For over a decade, the National Science Education Standards have focused our attention on scientific literacy, a golden umbrella that encompasses not just reading, writing, and speaking but the attitudes, content knowledge, and process skills that make it possible to investigate natural phenomena and understand the results.Source: http://www.nsta.org/publications/ostb/ostb2008.aspx; Accessed 2 Mar 2010.
In the same way basic literacy involves knowing how to use a dictionary or an index, science literacy involves knowing how to find information on science topics (health, botany, engineering, among others) that is worth reading. One can find so much information on the internet. Look at the variety of search engines:
- MSN MSN Germany MSN United Kingdom MSN Canada MSN Spain MSN Italy MSN France MSN Austria MSN Switzerland
- Excite Excite UK
- Google Google Germany Google Azerbaijan Google United Kingdom Google Canada Google Spain Google Italy Google Japan Google Russia Google France Google Austria Google Switzerland Google Poland Google India
- National Directory
- Web Crawler
- Web Top
- Web Wombat
- Ask Jeeves
- Find What
How can you tell valuable information from , "hype?"
The jury is likely still out on these questions. I try different search engines and usually find what I want most rapidly on Google. I like to find original source material whatever source engine I use. How about you? What search engine(s) do you use? Why? What kinds of responses do you get? Post comments below, or, e-mail me a post and I will post it for readers and link it here. Happy researching!
Let's try some experimenting...
Let's look for science literacy and internet use on the different search engines... (look for original source material).
Google's response starts with:
Let's try Altavista's top three:
eHealth literacy: essential skills for consumer health in … - Norman - Cited by 55
… literacy in science and engineering undergraduate … - Leckie - Cited by 81
Intrinsic and extrinsic motivation in Internet usage - Teo - Cited by 364
Science & Information Literacy on the Internet
Science and Information Literacy on the Internet: Using the ACRL and Project 2061 Standards to Create a Science Web Page Evaluation Tool. ACRL Conference ...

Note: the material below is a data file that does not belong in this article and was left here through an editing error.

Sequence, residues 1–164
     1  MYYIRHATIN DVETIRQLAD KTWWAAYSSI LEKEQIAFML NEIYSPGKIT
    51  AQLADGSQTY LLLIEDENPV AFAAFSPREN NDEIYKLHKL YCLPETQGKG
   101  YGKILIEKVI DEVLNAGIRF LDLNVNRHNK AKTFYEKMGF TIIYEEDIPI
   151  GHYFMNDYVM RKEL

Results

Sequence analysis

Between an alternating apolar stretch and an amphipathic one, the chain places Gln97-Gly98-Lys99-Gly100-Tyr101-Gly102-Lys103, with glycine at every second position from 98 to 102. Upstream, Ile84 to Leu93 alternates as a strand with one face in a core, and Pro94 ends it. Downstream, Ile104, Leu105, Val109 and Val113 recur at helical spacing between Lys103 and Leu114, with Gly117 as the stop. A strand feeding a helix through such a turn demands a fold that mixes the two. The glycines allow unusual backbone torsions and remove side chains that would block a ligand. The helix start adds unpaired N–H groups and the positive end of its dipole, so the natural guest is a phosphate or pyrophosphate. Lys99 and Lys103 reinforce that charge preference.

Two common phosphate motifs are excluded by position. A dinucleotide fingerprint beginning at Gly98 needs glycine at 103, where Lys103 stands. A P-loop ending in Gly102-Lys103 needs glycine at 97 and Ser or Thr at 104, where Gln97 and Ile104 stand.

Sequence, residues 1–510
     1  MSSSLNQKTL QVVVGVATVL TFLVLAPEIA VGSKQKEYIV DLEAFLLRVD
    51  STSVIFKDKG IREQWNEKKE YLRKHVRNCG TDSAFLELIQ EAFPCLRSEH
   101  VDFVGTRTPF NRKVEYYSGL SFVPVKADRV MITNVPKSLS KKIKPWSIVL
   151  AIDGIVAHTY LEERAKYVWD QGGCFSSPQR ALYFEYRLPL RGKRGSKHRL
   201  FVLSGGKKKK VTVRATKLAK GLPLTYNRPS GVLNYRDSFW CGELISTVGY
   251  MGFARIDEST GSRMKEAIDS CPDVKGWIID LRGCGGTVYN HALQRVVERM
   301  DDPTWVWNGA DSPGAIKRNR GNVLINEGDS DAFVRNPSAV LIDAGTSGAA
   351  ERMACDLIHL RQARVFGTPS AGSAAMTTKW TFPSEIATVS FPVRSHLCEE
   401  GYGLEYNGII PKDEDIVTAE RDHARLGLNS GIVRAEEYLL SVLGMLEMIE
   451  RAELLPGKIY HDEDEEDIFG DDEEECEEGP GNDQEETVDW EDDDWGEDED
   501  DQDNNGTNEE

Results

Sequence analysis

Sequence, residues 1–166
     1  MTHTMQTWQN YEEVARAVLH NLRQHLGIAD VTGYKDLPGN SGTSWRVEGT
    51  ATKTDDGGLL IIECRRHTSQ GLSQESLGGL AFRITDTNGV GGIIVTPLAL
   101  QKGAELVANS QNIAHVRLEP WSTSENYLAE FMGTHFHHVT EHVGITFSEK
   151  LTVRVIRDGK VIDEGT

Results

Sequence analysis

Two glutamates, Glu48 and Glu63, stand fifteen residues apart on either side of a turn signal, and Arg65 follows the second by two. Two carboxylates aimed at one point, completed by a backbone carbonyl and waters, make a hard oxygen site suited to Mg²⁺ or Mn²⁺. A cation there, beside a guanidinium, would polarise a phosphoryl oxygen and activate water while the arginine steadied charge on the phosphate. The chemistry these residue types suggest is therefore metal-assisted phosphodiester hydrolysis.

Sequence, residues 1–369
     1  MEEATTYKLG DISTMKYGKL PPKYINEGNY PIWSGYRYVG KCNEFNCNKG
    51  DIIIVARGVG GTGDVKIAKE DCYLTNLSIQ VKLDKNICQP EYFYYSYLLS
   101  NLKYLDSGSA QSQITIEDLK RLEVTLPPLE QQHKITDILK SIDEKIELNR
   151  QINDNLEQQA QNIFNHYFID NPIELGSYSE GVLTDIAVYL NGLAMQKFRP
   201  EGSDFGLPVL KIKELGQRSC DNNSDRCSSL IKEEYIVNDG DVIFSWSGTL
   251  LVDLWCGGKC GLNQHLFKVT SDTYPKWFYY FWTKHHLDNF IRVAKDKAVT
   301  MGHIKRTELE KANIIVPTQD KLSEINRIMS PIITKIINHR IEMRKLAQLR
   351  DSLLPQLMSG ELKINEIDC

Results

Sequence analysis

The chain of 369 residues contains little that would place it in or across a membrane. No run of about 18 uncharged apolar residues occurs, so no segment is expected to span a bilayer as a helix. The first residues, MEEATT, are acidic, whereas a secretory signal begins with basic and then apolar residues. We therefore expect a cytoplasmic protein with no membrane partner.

Magnifico: Science, literacy, and the internet? " Spotlight
Science.net players, on the other hand, role-play as reporters and ... I agree that facilitation of internet use is very important (and sometimes also ...
Science NetLinks: Resources for Teaching Science')" id="XPLSS_1110701665U1" src="chrome://searchshield/content/safe.gif" border="0" hspace="5">
Science NetLinks provides a wealth of resources for K-12 science educators to provide standards-based Internet experiences for students.
Now, you can compare and contrast these two search engines, and try some others.
Unless you want students to look at the top posts, which are determined by how people who know how to post (o their work shows on the top of the list (...and, may not be the best choice...), you have to show better ways of searching. How? By, now here's a place to use Modern Math that often gets picked on (but is actually very useful to me): Use the Boolean Algebra learned in elementary school during the, "Modern Math," period: AND, OR, NOT... Some visionary(ies) saw to teach Boolean Algebra because he, she, or they could see the, "Computer Age," coming.
I had to put some good points in on, "Modern Math," because it has been so helpful to me and it seems to, "get a bad rap," much of the time. But, let me get back to the use of Boolean Algebra for searching the internet. (Math is so important to science literacy.)
In our example:
Science literacy and internet use
Science literacy AND internet use
Science literacy OR internet use
"science literacy" AND "internet use"
"science literacy" AND "internet use" AND (elementary OR K-6)
Try a few different ways of searching and you will get the idea. Are you finding differences?
Using this one:
"science literacy" AND "internet use" AND (elementary OR K-6)brought up something on target, right away (But, so did the AltaVista search---which perhaps anticipated the search string a person meant to use...):
Understanding how young people evaluate information on the internet.
In the recent session on games and learning, Jonathan Fanton reported that one goal of the Macarthur digital media and learning initiative is to better understand how young people evaluate information that they find on the internet. In our work on Science.net, an epistemic game in which middle schoolers spend several weeks role-playing as science journalists and writing several stories for an online newsmagazine, we have found that our reporters begin the game feeling comfortable with the internet. They tell us about using web sources for school reports, for chatting, for playing games with their friends. They even report knowing that anyone with a webpage can publish opinions for the world to see.
The majority of them, however, don?t have a strategy for assessing the reliability of the information that they find. Here?s one typical pre-game interview response: ?You never know, it?s the internet. If it?s like the first thing that pops up and then it looks pretty professional, then I?d use it…? READ MORE BY CLICKING HERE.
spotlight.macfound.org/main/entry/magnifico_science_literacy_and_the_internet ; Accessed 2 Mar 2010.
The article mentions, "Jonathan Fanton." Where do we go from here? Use your Reach ReadingTM skills.
If you (and your school) are interested in participating in a study on Reach ReadingTM AND/OR on Critical Thinking AND/OR Science Literacy, please e-mail me: shipmanjs at g mail dot com. (I hope you smiled at the AND/OR references).
I think I will do a post on Tsunamis and the role of Boolean Algebra (AND Modern Math) in saving lives. I can tell much of this information first hand.
Please post comments or e-mail me.
(c) 2010 J S Shipman